Oh heck, let’s just quote a big chunk of Eric’s post:
Ken Anderson has been working up a head of a steam about the incipient hypocrisy of Democrats who are quietly adopting Bush administration positions, or moderate variants thereof, after having spent eight years calling these very positions idiotic & criminal & similar things—also known as the Orin postulate. I had thought Anderson premature in his outrage—so far, he’s pointed mainly to NYT articles and the like which he thinks are setting the stage—but now erstwhile Obama supporters have begun to worry about the same thing, with respect to a range of issues, including torture, international law, and the war in Iraq. The evidence remains slim, but it is growing; it includes the machinations of Democratic senators, signals from the Obama administration about Iraq troop withdrawal, and—most of all—appointments of Clinton-era officials. Virtually everyone has forgotten that the Clinton administration took a pretty casual approach to international law and, while it did not torture people, had little compunction about rendering terrorist suspects to countries where they would likely be tortured. You might think that Clinton was less contemptuous of international law than Bush was (though this is less clear than it might seem), but this is at best a matter of degree, and a clean break, “change,” does not seem to be in the cards.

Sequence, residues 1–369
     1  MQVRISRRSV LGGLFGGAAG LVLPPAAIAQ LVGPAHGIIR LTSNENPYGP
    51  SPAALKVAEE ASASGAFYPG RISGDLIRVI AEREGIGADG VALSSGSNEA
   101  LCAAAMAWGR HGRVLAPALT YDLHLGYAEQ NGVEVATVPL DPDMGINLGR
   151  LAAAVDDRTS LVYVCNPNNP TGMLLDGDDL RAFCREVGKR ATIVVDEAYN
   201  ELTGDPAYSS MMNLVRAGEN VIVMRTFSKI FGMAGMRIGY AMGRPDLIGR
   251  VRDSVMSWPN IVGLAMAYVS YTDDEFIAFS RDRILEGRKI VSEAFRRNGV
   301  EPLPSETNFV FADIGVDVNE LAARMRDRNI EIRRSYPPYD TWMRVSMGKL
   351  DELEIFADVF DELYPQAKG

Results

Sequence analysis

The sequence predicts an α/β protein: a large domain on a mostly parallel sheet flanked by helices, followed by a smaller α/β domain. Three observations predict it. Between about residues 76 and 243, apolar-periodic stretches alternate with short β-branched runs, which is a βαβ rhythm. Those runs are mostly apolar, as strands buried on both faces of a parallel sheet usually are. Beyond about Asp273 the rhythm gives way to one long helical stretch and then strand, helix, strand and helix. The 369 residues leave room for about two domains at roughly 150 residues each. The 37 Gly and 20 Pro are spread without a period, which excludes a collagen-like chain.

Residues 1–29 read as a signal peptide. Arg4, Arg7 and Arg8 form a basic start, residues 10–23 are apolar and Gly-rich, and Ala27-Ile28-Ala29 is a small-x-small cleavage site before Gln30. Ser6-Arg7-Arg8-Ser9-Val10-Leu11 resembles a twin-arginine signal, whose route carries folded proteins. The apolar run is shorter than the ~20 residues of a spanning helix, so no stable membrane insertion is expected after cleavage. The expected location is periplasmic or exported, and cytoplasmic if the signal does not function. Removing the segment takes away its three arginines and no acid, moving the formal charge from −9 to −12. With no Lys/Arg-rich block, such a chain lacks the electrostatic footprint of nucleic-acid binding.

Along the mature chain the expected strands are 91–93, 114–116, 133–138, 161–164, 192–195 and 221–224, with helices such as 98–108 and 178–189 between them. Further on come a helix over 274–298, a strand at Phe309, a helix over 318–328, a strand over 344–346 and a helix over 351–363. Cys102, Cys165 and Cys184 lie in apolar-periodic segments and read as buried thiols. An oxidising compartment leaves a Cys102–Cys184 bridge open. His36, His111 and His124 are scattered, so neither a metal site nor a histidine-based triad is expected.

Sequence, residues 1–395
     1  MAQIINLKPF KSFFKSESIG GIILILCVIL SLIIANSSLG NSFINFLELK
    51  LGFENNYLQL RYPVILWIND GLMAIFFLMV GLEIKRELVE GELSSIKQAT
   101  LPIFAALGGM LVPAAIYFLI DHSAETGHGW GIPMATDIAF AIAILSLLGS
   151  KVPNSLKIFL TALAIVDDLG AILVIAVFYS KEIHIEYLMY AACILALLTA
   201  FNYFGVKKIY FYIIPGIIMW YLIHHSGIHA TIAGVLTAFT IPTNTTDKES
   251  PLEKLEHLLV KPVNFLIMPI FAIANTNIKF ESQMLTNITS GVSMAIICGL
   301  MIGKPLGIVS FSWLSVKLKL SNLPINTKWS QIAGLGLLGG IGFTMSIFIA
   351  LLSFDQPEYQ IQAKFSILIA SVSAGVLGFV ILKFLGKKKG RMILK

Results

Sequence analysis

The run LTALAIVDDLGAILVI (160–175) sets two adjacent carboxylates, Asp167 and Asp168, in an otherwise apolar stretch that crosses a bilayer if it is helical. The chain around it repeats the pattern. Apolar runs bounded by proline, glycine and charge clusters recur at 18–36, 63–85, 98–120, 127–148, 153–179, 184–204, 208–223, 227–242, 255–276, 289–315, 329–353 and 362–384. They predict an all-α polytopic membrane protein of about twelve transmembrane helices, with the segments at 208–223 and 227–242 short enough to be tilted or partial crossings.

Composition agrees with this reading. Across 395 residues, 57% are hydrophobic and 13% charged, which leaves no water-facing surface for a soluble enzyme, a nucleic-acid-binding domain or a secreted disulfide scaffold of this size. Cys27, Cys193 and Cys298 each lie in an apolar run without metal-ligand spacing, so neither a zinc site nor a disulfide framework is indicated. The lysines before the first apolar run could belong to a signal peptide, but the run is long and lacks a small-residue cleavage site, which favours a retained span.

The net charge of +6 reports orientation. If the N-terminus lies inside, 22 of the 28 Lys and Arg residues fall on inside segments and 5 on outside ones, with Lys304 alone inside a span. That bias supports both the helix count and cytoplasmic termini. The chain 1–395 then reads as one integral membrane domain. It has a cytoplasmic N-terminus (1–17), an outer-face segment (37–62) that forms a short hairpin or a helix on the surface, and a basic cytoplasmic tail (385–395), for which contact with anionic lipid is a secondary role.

Lawyerly talents will be harnessed to the rationalization process—what was illegal under Bush turns out not to be illegal under Obama because of some subtle variation in the structure of the project (which itself will be used to prove that the Obama administration takes the law more seriously—why else, after go to the trouble of rationalizing law-breaking?). Obama defenders will also seize on subtleties in timing and emphasis to inflate the differences between the two administrations. We already hear that Obama will support the Law of the Sea treaty while Bush did not (in fact, he did), or that Obama will take a climate treaty more seriously than Bush (maybe, but the Bush administration committed itself to greenhouse-gas reductions at Bali). It will be of great interest to see how the Obama administration approaches the International Criminal Court. Here, too, the Bush administration has been willing to work with the institution without signing America up. Will Obama go farther? This will be a key test. The ICC offers little material advantage to the United States unless you subscribe to “international rule of law” arguments that we will all be safer when international legal institutions are stronger. Obama could face a fight from the military and the security agencies, especially if the latter understand that harsh interrogation will continue to occur. Are the speculative gains worth these real political costs, or will Obama’s advisors remember Clinton’s gays-in-the-military debacle and decide that a better use of Obama’s political capital lies elsewhere?